The interior structure of the Earth is layered in spherical shells: an outer silicate solid crust, a highly viscous asthenosphere and mantle, a liquid outer core that is much less viscous than the mantle, and a solid inner core.
Supercooling, also known as undercooling, is the process of lowering the temperature of a liquid or a gas below its freezing point without it becoming a solid.
Supersaturation is a state of a solution that contains more of the dissolved material than could be dissolved by the solvent under normal circumstances.
A Taylor column is a fluid dynamics phenomenon that occurs as a result of the Coriolis effect.
A telluric current (from Latin tellūs, "earth"), or Earth current, is an electric current which moves underground or through the sea.
Thermal conduction is the transfer of heat (internal energy) by microscopic collisions of particles and movement of electrons within a body.
Thorium is a weakly radioactive metallic chemical element with symbol Th and atomic number 90.
A thunderstorm, also known as an electrical storm, lightning storm, or thundershower, is a storm characterized by the presence of lightning and its acoustic effect on the Earth's atmosphere, known as thunder.
Tides are the rise and fall of sea levels caused by the combined effects of the gravitational forces exerted by the Moon and the Sun and the rotation of Earth.
Transient electromagnetics, (also time-domain electromagnetics / TDEM), is a geophysical exploration technique in which electric and magnetic fields are induced by transient pulses of electric current and the subsequent decay response measured.
University of California Press, otherwise known as UC Press, is a publishing house associated with the University of California that engages in academic publishing.
The University of Texas at Austin (UT, UT Austin, or Texas) is a public research university and the flagship institution of the University of Texas System.
Uranium is a chemical element with symbol U and atomic number 92.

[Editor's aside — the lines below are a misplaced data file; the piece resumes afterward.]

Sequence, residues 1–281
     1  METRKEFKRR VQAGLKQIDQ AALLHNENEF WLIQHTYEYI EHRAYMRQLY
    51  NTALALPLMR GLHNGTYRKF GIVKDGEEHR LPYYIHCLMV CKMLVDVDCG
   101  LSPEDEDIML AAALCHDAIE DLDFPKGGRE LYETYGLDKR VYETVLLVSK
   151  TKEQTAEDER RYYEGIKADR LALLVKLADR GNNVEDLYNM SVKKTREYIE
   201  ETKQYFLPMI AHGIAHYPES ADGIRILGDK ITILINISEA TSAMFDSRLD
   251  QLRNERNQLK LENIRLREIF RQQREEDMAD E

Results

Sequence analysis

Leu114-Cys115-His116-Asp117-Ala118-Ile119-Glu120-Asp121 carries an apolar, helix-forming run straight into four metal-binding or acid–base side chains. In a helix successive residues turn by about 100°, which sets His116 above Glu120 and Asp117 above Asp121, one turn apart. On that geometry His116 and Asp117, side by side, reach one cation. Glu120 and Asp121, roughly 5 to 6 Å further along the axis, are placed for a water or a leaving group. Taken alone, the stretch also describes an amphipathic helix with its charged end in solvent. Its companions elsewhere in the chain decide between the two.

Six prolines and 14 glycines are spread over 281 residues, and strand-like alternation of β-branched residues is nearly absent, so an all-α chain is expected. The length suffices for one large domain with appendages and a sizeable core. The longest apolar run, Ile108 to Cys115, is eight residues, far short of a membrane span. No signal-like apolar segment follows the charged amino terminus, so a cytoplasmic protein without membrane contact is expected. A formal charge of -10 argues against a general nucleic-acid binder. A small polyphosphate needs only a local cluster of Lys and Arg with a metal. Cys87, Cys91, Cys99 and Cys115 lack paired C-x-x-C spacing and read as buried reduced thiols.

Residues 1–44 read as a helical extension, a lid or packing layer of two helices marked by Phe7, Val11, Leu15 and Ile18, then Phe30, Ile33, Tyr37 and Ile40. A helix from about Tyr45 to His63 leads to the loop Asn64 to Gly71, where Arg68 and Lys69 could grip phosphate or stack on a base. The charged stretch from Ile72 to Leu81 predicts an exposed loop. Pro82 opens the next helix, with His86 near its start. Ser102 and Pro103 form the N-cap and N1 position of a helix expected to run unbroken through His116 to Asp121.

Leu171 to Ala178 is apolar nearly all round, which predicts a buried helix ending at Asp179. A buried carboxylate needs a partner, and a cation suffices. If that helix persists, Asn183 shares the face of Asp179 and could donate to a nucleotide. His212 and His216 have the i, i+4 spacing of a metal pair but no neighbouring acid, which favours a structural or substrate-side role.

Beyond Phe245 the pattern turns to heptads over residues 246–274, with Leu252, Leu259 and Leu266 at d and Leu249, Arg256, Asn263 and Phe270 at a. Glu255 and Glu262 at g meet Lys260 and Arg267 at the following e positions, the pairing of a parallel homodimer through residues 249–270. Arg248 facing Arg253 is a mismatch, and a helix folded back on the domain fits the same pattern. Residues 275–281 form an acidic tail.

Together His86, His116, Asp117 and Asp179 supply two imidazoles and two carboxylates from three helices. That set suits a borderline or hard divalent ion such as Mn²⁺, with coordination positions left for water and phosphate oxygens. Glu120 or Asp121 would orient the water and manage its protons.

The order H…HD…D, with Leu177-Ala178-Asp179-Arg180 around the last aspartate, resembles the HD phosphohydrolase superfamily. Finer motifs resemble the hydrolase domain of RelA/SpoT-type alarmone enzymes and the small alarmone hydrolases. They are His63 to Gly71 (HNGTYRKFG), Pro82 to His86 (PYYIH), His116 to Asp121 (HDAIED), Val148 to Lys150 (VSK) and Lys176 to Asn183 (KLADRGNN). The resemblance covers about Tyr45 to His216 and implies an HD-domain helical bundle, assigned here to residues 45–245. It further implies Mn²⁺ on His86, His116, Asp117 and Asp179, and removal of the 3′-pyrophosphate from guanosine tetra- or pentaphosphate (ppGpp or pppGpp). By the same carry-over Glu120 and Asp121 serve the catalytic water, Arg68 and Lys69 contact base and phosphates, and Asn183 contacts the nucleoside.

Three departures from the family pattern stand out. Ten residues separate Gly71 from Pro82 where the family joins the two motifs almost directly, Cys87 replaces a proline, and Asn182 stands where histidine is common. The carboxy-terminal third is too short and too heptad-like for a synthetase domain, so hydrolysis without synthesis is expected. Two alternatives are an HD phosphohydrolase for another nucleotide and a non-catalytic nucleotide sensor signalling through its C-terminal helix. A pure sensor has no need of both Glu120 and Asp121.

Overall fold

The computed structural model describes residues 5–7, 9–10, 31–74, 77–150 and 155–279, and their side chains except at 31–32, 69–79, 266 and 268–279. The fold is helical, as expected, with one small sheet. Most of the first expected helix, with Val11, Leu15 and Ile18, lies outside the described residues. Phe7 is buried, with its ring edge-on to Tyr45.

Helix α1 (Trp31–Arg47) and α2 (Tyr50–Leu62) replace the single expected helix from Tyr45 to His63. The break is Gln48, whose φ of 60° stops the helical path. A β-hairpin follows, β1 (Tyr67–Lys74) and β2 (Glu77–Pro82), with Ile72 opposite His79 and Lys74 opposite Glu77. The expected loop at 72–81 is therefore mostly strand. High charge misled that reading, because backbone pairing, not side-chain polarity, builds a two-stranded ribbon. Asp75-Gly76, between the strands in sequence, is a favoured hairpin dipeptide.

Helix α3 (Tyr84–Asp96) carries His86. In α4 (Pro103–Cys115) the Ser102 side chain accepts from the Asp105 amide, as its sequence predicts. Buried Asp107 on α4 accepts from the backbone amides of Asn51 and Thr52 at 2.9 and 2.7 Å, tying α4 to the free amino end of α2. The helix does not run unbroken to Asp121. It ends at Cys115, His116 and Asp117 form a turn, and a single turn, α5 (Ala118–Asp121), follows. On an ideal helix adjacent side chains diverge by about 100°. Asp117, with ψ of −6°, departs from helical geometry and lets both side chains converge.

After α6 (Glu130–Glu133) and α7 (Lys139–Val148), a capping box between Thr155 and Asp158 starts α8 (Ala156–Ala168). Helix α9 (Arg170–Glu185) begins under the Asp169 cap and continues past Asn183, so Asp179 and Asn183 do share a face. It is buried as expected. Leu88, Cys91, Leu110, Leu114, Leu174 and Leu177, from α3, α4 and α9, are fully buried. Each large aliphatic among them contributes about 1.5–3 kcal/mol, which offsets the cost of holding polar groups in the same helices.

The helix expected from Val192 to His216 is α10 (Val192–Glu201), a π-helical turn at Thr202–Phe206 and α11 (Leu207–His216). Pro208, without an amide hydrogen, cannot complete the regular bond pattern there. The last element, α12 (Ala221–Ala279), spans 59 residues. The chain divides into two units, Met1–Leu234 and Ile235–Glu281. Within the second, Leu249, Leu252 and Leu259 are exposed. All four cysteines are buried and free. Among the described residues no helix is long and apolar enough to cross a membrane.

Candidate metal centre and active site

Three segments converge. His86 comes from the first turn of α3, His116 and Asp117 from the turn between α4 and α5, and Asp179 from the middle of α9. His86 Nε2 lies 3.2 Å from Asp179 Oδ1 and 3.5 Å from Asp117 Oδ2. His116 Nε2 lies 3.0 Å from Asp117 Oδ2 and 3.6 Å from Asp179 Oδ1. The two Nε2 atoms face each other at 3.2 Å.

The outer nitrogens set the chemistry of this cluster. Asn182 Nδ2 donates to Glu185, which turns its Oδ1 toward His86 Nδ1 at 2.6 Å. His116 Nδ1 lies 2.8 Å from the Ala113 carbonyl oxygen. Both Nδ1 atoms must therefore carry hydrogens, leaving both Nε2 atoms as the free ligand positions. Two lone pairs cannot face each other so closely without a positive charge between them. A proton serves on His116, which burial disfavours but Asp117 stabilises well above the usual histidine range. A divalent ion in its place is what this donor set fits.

A Van Allen radiation belt is a zone of energetic charged particles, most of which originate from the solar wind, that are captured by and held around a planet by that planet's magnetic field.
Very-long-baseline interferometry (VLBI) is a type of astronomical interferometry used in radio astronomy.
The viscosity of a fluid is the measure of its resistance to gradual deformation by shear stress or tensile stress.
Volcanism is the phenomenon of eruption of molten rock (magma) onto the surface of the Earth or a solid-surface planet or moon, where lava, pyroclastics and volcanic gases erupt through a break in the surface called a vent.
The volt (symbol: V) is the derived unit for electric potential, electric potential difference (voltage), and electromotive force.
Walter de Gruyter GmbH (or; brand name: De Gruyter) is a scholarly publishing house specializing in academic literature.
The water cycle, also known as the hydrological cycle or the hydrologic cycle, describes the continuous movement of water on, above and below the surface of the Earth.
A whistler is a very low frequency or VLF electromagnetic (radio) wave generated by lightning.
Wiley-Blackwell is the international scientific, technical, medical, and scholarly publishing business of John Wiley & Sons.
William Gilbert (24 May 1544 – 30 November 1603), also known as Gilberd, was an English physician, physicist and natural philosopher.
Zhang Heng (AD 78–139), formerly romanized as Chang Heng, was a Han Chinese polymath from Nanyang who lived during the Han dynasty.